Top Republicans Looking To Jeb Bush In 2016
Top Republican donors are starting to look at the former Governor of Florida as their candidate in 2016.
Former Florida Governor Jeb Bush has passed up the chance to run for President twice already. The first time, of course, was in 2008 when the idea of a Bush in the White House for another four to eight years was pretty much off the table, so one could say that Governor Bush was making the politically smart decision in staying out of a race that he probably wouldn’t have won anyway. Bush’s name came up again, though, in 2012 when some Republican insiders came to doubt Mitt Romney’s ability to hold off insurgent candidates like Herman Cain, Rick Santorum, and Newt Gingrich and New Jersey Governor Chris Christie declined to throw his own hat in the ring. Now, as we approach the time when people who are serious about running for President in two years (a race that will essentially begin the day after the 2014 midterm elections), Bush’s name is once again being mentioned by top Republicans and, this time, there are at least some indications that the former Florida Governor may follow in the footsteps of his father and brother:
LAS VEGAS — Many of the Republican Party’s most powerful insiders and financiers have begun a behind-the-scenes campaign to draft former Florida governor Jeb Bush into the 2016 presidential race, courting him and his intimates and starting talks on fundraising strategy.
Concerned that the George Washington Bridge traffic scandal has damaged New Jersey Gov. Chris Christie’s political standing and alarmed by the steady rise of Sen. Rand Paul (Ky.), prominent donors, conservative leaders and longtime operatives say they consider Bush the GOP’s brightest hope to win back the White House.
Bush’s advisers insist that he is not actively exploring a candidacy and will not make a decision until at least the end of this year. But over the past few weeks, Bush hastraveled the country delivering policy speeches, campaigning for Republicans ahead of the fall midterm elections, honing messages on income inequality and foreign policy, and cultivating ties with wealthy benefactors — all signals that he is considering a run.
Many if not most of 2012 GOP nominee Mitt Romney’s major donors are reaching out to Bush and his confidants with phone calls, e-mails and invitations to meet, according to interviews with 30 senior Republicans. One bundler estimated that the “vast majority” of Romney’s top 100 donors would back Bush in a competitive nomination fight.
“He’s the most desired candidate out there,” said another bundler, Brian Ballard, who sat on the national finance committees for Romney in 2012 and John McCain in 2008. “Everybody that I know is excited about it.”
A Bush candidacy would not be without its difficulties, of course. Though they don’t say so publicly, Republicans are still sufficiently burned from the Bush Administration to likely be reluctant to attach themselves to another Bush brother, even if it happens to be one whose record in office is far batter. Additionally, at least among the Tea Party grassroots of the GOP, Bush is seen as somewhere to the left of Lindsey Graham not withstanding the fact that his actual record as Governor of Florida was fairly conservative on fiscal and other issues. Finally, in the time since he left office Bush has been most closely associated with two issues that have become largely anathema to the base of the Republican Party, immigration reform and education reform. On the first issue, Bush, along with his close political protege Senator Marco Rubio, have been denounced for advocating what the Tea Party crowd, largely falsely, claims to be “amnesty” for people who are in the nation illegally. Indeed, Rubio has suffered politically himself for his support of the immigration reform bill that passed the Senate last year. On the second issue, Bush’s support for so-called “Common Core” standards, which have been to a largely degree falsely portrayed on the right as an effort to increase Federal control of education, would likely also pose a problem for him with conservative voters.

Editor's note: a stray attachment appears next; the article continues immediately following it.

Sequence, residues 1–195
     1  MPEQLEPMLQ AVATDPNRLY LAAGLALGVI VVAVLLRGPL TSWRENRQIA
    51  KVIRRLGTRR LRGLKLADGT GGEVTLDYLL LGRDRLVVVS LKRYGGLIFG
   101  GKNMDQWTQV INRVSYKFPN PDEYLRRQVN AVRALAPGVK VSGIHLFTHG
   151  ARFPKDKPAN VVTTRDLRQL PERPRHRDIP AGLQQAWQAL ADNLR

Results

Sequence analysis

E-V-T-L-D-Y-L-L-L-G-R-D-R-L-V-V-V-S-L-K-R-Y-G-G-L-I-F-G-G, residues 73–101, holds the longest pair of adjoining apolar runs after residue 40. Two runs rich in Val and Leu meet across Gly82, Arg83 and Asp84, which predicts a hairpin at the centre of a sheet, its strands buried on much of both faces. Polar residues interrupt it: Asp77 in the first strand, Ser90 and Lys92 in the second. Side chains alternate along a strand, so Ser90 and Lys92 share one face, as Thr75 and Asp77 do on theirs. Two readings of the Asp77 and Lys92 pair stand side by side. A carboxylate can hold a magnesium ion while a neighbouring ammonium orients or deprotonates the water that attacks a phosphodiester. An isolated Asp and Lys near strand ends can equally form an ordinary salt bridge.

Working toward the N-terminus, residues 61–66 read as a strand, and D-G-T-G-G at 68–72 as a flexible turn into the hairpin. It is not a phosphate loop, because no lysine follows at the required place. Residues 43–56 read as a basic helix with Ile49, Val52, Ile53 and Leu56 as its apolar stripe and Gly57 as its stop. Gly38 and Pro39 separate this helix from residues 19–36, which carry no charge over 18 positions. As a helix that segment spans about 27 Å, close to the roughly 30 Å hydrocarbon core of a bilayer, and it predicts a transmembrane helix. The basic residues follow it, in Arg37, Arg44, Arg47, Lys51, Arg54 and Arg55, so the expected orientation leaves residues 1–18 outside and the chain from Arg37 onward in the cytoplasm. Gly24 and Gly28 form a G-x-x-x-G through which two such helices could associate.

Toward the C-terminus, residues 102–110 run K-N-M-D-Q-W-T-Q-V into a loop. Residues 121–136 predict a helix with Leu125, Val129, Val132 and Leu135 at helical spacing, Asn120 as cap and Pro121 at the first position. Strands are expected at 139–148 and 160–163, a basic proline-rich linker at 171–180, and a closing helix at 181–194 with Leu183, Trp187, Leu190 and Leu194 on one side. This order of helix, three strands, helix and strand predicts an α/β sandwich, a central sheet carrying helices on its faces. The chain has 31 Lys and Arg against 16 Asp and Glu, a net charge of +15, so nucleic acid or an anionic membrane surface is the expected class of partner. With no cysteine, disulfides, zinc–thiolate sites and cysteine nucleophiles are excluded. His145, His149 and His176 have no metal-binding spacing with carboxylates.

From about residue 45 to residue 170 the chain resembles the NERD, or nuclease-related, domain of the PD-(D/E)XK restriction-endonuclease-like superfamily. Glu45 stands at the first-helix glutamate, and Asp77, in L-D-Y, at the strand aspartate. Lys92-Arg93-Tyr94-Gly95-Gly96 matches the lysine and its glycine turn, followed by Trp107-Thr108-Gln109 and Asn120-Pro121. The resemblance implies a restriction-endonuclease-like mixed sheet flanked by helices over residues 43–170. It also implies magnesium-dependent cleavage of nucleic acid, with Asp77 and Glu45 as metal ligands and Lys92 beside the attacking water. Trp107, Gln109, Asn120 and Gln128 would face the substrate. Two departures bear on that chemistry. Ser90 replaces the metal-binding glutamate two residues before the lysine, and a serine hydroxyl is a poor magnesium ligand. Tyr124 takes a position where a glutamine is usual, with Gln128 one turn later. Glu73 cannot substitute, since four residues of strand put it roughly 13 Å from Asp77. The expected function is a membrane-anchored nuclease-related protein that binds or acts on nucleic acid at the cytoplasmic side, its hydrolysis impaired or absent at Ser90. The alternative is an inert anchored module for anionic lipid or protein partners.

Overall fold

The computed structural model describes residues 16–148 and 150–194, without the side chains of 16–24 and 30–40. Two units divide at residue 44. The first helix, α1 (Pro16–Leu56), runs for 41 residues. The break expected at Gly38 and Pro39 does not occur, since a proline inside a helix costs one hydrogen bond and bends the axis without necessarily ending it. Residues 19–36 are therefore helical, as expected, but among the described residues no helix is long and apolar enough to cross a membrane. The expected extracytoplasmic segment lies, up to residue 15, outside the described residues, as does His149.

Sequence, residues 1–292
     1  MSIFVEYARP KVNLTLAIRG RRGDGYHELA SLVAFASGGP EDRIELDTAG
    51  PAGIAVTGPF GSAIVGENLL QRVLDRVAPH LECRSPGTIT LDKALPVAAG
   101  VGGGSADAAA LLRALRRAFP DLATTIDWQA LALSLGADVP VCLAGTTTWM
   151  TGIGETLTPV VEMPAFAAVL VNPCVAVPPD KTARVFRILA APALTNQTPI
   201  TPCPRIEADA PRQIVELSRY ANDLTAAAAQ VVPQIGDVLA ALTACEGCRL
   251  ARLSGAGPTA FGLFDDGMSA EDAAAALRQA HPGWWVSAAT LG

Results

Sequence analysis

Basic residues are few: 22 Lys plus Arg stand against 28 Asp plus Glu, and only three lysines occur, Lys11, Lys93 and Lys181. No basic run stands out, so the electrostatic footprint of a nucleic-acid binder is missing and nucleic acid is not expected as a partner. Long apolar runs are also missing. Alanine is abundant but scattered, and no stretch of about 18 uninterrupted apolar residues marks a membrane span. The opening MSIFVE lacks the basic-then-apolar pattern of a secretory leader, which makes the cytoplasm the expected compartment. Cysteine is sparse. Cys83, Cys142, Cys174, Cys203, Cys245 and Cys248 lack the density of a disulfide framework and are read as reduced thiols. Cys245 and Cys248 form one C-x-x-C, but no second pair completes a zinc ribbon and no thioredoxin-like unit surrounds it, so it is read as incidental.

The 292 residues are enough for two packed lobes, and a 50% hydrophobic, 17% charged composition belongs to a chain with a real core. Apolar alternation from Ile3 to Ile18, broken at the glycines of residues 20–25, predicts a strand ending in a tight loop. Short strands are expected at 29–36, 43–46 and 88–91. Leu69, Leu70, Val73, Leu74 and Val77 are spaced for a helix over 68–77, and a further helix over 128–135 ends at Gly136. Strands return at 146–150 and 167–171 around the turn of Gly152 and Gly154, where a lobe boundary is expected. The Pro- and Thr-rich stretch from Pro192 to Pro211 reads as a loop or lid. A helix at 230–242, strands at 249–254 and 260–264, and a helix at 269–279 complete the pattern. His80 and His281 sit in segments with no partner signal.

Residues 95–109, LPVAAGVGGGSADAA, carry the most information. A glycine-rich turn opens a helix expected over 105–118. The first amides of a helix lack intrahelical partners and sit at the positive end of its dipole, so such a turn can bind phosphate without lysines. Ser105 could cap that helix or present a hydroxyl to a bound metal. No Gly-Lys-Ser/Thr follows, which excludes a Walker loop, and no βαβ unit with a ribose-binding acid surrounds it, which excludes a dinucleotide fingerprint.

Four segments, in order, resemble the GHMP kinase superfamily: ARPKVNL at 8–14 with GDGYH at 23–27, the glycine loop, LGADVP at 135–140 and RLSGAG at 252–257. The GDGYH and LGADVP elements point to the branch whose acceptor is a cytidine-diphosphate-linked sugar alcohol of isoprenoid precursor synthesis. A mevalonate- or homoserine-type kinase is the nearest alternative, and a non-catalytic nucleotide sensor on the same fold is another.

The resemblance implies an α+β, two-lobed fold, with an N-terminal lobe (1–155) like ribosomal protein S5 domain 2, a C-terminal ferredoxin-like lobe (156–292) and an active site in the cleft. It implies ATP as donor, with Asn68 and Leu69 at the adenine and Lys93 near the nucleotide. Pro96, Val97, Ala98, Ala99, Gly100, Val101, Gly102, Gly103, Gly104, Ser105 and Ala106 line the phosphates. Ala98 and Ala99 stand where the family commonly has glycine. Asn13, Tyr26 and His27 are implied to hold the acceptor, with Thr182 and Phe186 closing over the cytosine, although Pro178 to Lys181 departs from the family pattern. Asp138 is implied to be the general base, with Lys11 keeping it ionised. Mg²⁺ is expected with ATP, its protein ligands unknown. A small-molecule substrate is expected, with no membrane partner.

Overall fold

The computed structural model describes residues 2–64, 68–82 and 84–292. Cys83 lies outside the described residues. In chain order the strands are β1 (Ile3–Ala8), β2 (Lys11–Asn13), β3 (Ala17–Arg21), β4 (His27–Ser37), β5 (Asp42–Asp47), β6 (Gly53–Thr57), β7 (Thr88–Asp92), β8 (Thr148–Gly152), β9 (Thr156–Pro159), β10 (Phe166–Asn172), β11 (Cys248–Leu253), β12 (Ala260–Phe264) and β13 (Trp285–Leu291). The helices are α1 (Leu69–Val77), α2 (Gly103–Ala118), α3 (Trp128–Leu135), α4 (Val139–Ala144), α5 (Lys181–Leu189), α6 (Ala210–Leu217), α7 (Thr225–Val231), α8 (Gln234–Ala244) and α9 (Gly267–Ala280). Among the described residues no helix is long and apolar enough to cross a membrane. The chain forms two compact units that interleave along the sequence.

On the other hand, Bush could find himself in the same position Mitt Romney was in 2012. Like Romney, Bush would likely face a field made up of a large number of candidates attempting to appeal to the same group of voters. So far, we’ve seen 2016 speculation about Rand Paul, Ted Cruz, Rick Santorum, and Mike Huckabee, for example. Without a doubt, other candidates seeking to appeal to the Tea Party/hardcore conservative wing of the GOP will enter the race as well. Meanwhile, assuming for the moment that Bush is the only significant “establishment” candidate in the race, the former Florida Governor would stand virtually alone as the one candidate that the big money donors in the GOP would be most likely to rally behind. As we saw in 2012 once the primaries started, money and a well-organized campaign go a long way in a drawn out primary fight. If the 2016 race gets to the point where Bush is seen as the inevitable nominee, then all of the doubts about his ability to win the party’s nomination will disappear and even the activists will rally behind him, just as they rallied behind Romney/Ryan in 2012.